Baez TWF #243 is out (talks about Derek Wise Cartan paper)

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http://math.ucr.edu/home/baez/week243.html
==sample quote==
...in the meantime, we can think about mathematical physics. My student Derek Wise is graduating this year, and he's doing his thesis on Cartan geometry, MacDowell-Mansouri gravity and BF theory. Let me say a little about this paper of his:

11) Derek Wise, MacDowell-Mansouri gravity and Cartan geometry, available as gr-qc/0611154.

Elie Cartan is one of the most influential of 20th-century geometers. At one point he had an intense correspondence with Einstein on general relativity. His "Cartan geometry" idea is an approach to the concept of parallel transport that predates the widely used Ehresmann approach (connections on principal bundles). It simultaneously generalizes Riemannian geometry and Klein's Erlangen program (see "week213"), in which geometries are described by their symmetry groups:
Code:
         EUCLIDEAN GEOMETRY  ------------->  KLEIN GEOMETRY

               |                                  |
               |                                  |
               |                                  |
               |                                  |
               v                                  v

        RIEMANNIAN GEOMETRY  --------------> CARTAN GEOMETRY
Given all this, it's somewhat surprising how few physicists know about Cartan geometry!

Recognizing this, Derek explains Cartan geometry from scratch before showing how it underlies the so-called MacDowell-Mansouri approach to general relativity. This plays an important role both in supergravity and Freidel and Starodubtsev's work on quantum gravity (see "week235") - but until now, it's always seemed like a "trick".

What's the basic idea? Derek explains it all very clearly, so I'll just provide a quick sketch. Cartan describes the geometry of a lumpy bumpy space by saying what it would be like to roll a nice homogeneous "model space" on it. Homogeneous spaces are what Klein studied; now Cartan takes this idea and runs with it... or maybe we should say he rolls with it!

For example, we could study the geometry of a lumpy bumpy surface by rolling a plane on it...
===end quote===

we were waiting for this TWF. Several threads here about Derek's paper and related things.
 
Last edited:

member 11137

http://math.ucr.edu/home/baez/week243.html
==sample quote==
...in the meantime, we can think about mathematical physics. My student Derek Wise is graduating this year, and he's doing his thesis on Cartan geometry, MacDowell-Mansouri gravity and BF theory. Let me say a little about this paper of his:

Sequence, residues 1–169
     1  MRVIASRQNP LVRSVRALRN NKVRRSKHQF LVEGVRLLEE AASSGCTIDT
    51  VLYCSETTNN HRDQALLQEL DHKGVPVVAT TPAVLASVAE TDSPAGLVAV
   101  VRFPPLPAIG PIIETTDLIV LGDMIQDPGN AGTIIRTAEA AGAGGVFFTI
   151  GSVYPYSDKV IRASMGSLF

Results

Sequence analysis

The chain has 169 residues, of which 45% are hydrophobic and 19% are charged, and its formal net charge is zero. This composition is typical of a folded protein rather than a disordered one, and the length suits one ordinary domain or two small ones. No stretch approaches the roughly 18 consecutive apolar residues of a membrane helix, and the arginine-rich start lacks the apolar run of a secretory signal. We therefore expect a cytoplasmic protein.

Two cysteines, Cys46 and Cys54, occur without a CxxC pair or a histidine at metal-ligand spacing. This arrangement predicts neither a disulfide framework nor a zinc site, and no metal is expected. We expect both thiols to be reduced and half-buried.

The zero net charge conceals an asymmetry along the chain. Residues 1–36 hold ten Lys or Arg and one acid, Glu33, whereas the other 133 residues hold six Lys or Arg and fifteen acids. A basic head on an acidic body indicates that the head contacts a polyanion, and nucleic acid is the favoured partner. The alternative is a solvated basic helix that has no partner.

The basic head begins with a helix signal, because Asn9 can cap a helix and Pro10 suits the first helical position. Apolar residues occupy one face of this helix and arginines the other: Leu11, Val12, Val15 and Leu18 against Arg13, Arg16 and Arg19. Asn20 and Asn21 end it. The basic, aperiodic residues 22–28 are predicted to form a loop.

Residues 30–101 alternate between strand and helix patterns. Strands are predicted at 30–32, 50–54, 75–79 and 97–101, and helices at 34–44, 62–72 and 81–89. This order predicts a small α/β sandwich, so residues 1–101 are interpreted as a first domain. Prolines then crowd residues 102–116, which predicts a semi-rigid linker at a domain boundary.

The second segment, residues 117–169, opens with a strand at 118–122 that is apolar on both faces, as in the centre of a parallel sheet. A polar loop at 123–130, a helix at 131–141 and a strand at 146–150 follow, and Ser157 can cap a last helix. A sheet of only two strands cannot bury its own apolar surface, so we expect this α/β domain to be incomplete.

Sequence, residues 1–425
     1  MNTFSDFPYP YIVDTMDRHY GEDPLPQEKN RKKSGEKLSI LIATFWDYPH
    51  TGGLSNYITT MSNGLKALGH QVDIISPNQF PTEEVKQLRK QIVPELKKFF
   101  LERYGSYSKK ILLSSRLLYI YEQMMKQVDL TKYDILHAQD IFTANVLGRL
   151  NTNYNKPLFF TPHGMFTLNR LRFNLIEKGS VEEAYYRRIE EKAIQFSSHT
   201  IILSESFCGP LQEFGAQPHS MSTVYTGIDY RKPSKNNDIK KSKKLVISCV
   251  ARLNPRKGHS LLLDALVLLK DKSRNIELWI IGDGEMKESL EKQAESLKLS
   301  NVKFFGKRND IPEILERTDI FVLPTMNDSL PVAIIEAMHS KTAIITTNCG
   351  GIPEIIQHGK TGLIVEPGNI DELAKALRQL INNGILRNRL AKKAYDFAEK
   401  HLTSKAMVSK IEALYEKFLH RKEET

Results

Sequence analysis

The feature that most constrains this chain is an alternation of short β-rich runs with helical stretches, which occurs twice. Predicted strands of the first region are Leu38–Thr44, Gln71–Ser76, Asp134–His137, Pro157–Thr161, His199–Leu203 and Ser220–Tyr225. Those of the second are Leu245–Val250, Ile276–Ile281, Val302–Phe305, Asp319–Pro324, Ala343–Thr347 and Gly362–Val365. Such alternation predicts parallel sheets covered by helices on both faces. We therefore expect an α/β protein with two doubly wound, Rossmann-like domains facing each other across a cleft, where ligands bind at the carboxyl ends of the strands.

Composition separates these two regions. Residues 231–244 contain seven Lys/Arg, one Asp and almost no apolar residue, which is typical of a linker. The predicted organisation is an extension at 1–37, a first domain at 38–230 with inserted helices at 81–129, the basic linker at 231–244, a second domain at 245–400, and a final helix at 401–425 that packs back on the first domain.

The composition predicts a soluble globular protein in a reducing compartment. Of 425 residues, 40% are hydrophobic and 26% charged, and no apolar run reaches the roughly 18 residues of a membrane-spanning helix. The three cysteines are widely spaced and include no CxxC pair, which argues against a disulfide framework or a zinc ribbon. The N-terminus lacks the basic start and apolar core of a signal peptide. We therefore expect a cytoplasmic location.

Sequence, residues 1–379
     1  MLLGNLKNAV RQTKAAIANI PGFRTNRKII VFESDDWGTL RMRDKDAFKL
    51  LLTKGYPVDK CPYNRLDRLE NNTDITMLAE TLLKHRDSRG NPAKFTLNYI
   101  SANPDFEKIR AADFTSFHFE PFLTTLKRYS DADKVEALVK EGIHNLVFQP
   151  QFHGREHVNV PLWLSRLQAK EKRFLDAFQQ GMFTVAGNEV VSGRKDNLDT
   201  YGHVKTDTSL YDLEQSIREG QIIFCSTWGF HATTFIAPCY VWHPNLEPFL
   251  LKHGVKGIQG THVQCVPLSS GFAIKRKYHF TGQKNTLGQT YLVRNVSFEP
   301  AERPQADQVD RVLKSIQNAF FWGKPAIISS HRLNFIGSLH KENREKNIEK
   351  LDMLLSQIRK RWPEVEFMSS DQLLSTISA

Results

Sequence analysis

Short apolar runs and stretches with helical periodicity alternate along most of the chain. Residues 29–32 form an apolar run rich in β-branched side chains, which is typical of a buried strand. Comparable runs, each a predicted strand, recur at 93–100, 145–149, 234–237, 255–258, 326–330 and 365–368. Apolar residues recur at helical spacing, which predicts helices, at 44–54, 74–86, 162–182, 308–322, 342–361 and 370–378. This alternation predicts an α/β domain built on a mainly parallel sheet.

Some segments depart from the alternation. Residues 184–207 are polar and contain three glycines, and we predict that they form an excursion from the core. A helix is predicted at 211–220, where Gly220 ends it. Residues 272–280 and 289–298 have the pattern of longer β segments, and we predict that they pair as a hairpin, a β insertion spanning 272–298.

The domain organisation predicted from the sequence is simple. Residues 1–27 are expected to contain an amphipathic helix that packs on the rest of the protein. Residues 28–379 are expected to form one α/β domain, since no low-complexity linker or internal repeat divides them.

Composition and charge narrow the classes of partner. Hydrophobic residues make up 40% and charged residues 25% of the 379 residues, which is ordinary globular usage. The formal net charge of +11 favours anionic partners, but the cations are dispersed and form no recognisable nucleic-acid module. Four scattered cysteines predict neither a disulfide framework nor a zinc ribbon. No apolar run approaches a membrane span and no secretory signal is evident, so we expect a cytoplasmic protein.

11) Derek Wise, MacDowell-Mansouri gravity and Cartan geometry, available as gr-qc/0611154.

Elie Cartan is one of the most influential of 20th-century geometers. At one point he had an intense correspondence with Einstein on general relativity. His "Cartan geometry" idea is an approach to the concept of parallel transport that predates the widely used Ehresmann approach (connections on principal bundles). It simultaneously generalizes Riemannian geometry and Klein's Erlangen program (see "week213"), in which geometries are described by their symmetry groups:
Code:
         EUCLIDEAN GEOMETRY  ------------->  KLEIN GEOMETRY

               |                                  |
               |                                  |
               |                                  |
               |                                  |
               v                                  v

        RIEMANNIAN GEOMETRY  --------------> CARTAN GEOMETRY
Given all this, it's somewhat surprising how few physicists know about Cartan geometry!

Recognizing this, Derek explains Cartan geometry from scratch before showing how it underlies the so-called MacDowell-Mansouri approach to general relativity. This plays an important role both in supergravity and Freidel and Starodubtsev's work on quantum gravity (see "week235") - but until now, it's always seemed like a "trick".

What's the basic idea? Derek explains it all very clearly, so I'll just provide a quick sketch. Cartan describes the geometry of a lumpy bumpy space by saying what it would be like to roll a nice homogeneous "model space" on it. Homogeneous spaces are what Klein studied; now Cartan takes this idea and runs with it... or maybe we should say he rolls with it!

For example, we could study the geometry of a lumpy bumpy surface by rolling a plane on it...
===end quote===

we were waiting for this TWF. Several threads here about Derek's paper and related things.
It is a very helpful article I must say. Some beautiful pictures are used to describe how geometry works and the small story with the hamster is absolutely nice. I am not sure that I did understand everything in details but the main ideas are clear, also for me. Now my only problem here is: in which way can we compare ourself with this hamster roling on the Riemanian surface? I get a better acceptance with this description when I replace the hamster by a wave with a permanently changing polarization encountering "a priori" any local geometry... Do you think that my remark makes sense? Otherwise the MacDowell Mansouri approach appears to be very interesting for my own one ...
 

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